Within the last 6 months, I received word that my ex-husband (still in prison after having destroyed my life) pledges undying love for me. One of the most disturbing after-affects of a relationship with a sociopath is confusion about love. As part of my own healing, I resolved to study the scientific literature to understand what is known of the nature of love. I will summarize my findings here but also please visit Ability to Love.
Attachment is what causes us to stick together
Although there are many other species that live solitary lives, humans are social creatures. That means we stick together. Scientists have called this tendency to stick together “attachment.” Attachment is part of love. It is that part of love that makes us feel compelled to be with those we love.
The interesting thing about attachments is that they are strengthened by fear. This is why sociopaths induce fear in their victims. This fear makes the victim cling to the sociopath all the more. This clinging is a compulsion and has nothing to do with feelings of affection.
Another interesting thing about attachment is that it survives mostly independent of pleasure or pain. How often do married people temporarily feel anger or even hatred for each other, yet they do not separate? This pleasure/pain neutral quality of attachment allows us stick together even during times of conflict.
There are people who do not form attachments with others. These people are generally known as hermits, but psychiatrists call them schizoid. Notice that sociopaths form attachments. They are not hermits. They feel compelled to seek out the company of others. The quality that distinguishes sociopaths involves what they do with those to whom they are attached. This observation lead me to the understanding that love is much more than attachment, or the compulsion to be with another.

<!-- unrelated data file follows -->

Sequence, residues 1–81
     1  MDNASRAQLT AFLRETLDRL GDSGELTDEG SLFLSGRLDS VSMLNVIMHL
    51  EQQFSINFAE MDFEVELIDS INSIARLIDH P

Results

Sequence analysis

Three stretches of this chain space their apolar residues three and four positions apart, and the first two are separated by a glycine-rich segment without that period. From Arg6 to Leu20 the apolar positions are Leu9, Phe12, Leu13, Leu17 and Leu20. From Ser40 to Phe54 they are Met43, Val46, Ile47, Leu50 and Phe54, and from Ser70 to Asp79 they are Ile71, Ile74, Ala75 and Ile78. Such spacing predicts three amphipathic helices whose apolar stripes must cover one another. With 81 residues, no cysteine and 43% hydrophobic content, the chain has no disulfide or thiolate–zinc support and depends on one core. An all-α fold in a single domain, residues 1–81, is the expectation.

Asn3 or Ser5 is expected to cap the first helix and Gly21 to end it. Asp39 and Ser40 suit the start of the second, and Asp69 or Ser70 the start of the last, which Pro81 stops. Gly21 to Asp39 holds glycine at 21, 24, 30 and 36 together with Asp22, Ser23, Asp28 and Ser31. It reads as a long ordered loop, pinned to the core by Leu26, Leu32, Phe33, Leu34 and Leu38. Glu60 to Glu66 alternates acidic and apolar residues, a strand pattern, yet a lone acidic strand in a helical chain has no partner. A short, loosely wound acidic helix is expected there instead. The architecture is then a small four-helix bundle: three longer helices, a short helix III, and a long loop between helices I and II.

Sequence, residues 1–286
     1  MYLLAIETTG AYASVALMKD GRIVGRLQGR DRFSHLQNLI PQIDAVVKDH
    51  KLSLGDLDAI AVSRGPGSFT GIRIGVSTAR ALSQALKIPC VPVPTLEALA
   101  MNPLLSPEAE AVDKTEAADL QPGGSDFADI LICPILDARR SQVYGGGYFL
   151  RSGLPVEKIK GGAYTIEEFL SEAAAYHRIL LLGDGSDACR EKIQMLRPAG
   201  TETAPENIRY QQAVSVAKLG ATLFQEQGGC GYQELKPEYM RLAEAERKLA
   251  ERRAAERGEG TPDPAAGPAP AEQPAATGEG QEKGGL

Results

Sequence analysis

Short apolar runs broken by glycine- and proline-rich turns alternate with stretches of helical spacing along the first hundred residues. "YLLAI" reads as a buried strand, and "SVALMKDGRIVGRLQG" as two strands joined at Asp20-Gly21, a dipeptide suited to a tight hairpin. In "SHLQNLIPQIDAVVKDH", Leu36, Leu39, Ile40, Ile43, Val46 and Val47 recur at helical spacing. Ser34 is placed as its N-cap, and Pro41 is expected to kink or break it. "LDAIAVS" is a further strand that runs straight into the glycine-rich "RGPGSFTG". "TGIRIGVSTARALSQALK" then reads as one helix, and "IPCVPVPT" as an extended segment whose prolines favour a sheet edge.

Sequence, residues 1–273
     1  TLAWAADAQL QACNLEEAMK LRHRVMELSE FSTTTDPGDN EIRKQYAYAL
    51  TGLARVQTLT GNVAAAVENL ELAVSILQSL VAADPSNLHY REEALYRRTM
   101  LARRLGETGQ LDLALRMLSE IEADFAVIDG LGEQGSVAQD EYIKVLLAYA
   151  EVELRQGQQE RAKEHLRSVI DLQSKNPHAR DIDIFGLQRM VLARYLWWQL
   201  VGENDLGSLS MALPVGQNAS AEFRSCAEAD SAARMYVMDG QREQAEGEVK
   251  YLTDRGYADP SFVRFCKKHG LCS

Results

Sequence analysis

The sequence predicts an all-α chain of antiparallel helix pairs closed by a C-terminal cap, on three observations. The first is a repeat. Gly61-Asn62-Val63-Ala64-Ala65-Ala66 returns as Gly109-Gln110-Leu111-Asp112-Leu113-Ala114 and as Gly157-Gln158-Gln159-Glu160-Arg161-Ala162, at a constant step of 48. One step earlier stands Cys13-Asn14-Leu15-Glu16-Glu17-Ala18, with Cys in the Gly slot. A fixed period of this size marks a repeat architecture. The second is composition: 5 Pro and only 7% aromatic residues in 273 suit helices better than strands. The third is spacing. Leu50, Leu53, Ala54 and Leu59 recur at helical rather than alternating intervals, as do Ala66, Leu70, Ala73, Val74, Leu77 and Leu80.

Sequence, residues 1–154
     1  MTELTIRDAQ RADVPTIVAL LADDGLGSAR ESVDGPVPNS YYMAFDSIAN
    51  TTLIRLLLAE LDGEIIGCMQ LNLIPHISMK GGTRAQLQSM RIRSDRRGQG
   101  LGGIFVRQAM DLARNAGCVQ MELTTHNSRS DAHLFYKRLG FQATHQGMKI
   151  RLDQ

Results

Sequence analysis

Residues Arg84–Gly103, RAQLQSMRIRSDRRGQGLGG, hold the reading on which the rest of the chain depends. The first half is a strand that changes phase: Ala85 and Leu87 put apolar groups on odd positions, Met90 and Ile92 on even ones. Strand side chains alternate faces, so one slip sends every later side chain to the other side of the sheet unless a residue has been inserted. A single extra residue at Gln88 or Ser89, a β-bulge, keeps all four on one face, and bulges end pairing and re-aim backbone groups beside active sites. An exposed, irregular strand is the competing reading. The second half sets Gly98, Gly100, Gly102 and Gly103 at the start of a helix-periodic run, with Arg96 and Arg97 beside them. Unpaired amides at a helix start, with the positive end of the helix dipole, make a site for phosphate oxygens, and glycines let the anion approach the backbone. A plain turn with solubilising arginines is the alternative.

The other ingredients of love
Love involves feelings of affection. I still don’t know for sure whether or not sociopaths experience fleeting feelings of affection. I believe they might. I have observed people I thought were sociopaths enjoying affection, both in my personal life and in my practice. If sociopaths do experience affection, the inherent joy is very small in comparison with the pleasure they get from having power over others. Therefore, love is more than attachment with occasional affection.
I have come to understand that in addition to attachment and affection, love is defined by the presence of empathy and caretaking behavior. It has been well documented in scientific studies using brain imaging that sociopaths do not experience empathy. Studies comparing sociopaths and non-sociopaths reveal that the brain areas that are responsible for empathy are silent in the sociopath.
The caretaking behavior that is part of real love is different from the kindnesses that are part of sociopathy. Sociopaths do show kindness when it suits their purpose. In fact, the presence of perceived kindnesses by sociopaths toward victims leads to the development of Stockholm Syndrome in victims. The caretaking behavior associated with love is constant, enduring and self-sacrificing and not just an occasional purposeful gesture.
The lesson of love
If there is a silver lining to the dark cloud of being the victim of a sociopath, it is coming to this deeper understanding of love. To understand love is to understand what it is not. Thankfully, love is not the empty promise of a manipulative sociopath. Love is attachment, affection, empathy and self-sacrificial caretaking behavior. When I tell my children, and others close to me that I love them, I mean it in every sense of the word. I mean it with the deepest of understanding and commitment. I have vowed to teach my children about what love is. I have also vowed to expect real love from everyone I allow into my life from now on.